5 Things to Look for When Choosing a Daily Devotional

Few Bible study tools so effectively prick the conscience, focus the attention, and calm the spirit as a well-crafted daily devotional.

A daily devotional is not designed to change your mind; it’s meant to change your heart.

There are thousands of devotional tools to choose from. How do you know which one’s right for you?

Here’s our guide to help you choose the daily devotional that best meets your needs.

1. Topic

Many devotionals are framed up around a particular subject. One of my favorites, Whiter than Snow: Meditations on Sin and Mercy, is structured this way. If you’re hoping to learn more about a particular element of theology or scriptural theme—like the Hebrew names of God, for example—look for a devotional on that subject for a more casual exploration.

2. Author

Almost all of the modern church’s most influential thinkers wrote at least some devotional material. Charles Spurgeon, A. W. Tozer, William Wilberforce, and Oswald Chambers come to mind right away. But don’t avoid a devotional just because you don’t recognize the author. Some of the best ever written, like Streams in the Desert, were penned by women or men who ministered faithfully without much notoriety. If you’re new to the world of devotionals, start with something by A. W. Tozer. He wrote broadly as the editor of The Alliance Life magazine. Much of his writing has been repackaged as daily devotionals.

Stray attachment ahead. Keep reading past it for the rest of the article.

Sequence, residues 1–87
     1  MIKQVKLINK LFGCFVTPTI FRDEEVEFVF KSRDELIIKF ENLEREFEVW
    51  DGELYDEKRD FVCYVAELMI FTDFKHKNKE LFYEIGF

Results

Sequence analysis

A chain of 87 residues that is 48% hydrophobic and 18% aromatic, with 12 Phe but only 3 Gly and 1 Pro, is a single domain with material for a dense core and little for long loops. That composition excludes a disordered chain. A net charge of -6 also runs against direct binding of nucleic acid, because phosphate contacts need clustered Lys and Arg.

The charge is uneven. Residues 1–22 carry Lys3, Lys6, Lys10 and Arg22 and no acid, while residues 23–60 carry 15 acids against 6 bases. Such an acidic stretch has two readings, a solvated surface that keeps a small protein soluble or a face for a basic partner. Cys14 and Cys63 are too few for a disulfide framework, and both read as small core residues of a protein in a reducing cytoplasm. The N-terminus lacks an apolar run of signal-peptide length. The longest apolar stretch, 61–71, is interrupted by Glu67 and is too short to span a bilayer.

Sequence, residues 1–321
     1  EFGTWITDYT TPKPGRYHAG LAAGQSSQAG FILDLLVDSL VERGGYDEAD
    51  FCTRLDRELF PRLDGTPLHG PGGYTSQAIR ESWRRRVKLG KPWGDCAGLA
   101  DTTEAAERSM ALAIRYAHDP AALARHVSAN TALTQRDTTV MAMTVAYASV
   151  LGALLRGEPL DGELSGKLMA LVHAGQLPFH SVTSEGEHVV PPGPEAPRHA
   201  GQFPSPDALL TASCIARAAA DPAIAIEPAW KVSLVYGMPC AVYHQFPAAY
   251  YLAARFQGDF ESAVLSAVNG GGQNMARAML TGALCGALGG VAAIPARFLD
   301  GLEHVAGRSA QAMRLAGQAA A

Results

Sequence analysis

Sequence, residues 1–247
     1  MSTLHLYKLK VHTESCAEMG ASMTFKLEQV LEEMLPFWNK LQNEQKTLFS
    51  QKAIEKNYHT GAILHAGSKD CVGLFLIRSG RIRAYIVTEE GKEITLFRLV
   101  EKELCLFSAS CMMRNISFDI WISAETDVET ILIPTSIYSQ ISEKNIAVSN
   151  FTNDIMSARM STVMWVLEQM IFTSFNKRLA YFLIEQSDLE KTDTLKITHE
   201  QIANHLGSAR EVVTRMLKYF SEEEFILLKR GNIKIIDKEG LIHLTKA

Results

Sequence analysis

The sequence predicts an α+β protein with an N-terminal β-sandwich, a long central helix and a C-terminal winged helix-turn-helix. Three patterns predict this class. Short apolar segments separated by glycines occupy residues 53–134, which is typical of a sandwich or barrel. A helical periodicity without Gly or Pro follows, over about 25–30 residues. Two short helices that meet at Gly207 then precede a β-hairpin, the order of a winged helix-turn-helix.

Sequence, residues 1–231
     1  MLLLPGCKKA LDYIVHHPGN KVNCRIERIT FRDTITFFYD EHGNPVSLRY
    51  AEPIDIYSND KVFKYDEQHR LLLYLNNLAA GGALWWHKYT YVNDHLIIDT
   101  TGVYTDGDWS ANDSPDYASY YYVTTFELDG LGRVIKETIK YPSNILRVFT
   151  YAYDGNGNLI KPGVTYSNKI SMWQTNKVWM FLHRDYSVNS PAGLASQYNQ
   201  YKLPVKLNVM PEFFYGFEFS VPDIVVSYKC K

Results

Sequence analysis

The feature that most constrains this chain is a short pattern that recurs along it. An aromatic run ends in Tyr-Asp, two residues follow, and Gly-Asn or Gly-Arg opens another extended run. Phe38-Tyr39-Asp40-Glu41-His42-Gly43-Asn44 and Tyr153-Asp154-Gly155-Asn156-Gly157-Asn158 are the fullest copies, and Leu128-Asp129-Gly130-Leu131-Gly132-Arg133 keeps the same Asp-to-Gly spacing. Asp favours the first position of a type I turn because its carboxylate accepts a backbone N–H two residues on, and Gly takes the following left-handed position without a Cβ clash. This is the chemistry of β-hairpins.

3. Ratings & reviews

When choosing a devotional, nothing beats a good referral. As you browse Logos.com, check the ratings and reviews on each resource to see how much it has been enjoyed by others. Once you’ve completed a devotional, return to leave your own thoughts as a guide for others who come behind you.

4. Length

Look for cues about the passage length in the product overview, or by using the “See inside” tool on logos.com. Also make note of how many passages are included. When read daily, some devotions are intended to stretch across and entire year, others for a month or even less.

5. Journal space

Many printed devotionals include space to write your own thoughts. This is helpful, but when you buy a daily devotional on logos.com to be read with your Faithlife Study Bible, you can use the notes tool to capture your own insights on any passage without running out of space.

If you’d rather not shop around, pick up these top-notch video devotionals from Logos Mobile Ed, which includes brief teaching and reflection questions by knowledgeable and approachable scholars.

What else do you look for when you’re choosing a daily devotional? Tell us in the comments.

Written by
Ray Deck III

Born in WV, Ray escaped to North Carolina at a young age. He came to Logos after an 8 year stint at a faith-based nonprofit in New York. When he is not assembling sequences of words, he’s probably running, surfing or shooting skeet, but you should probably go look for him. He has a terrible sense of direction and is probably lost.

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Written by Ray Deck III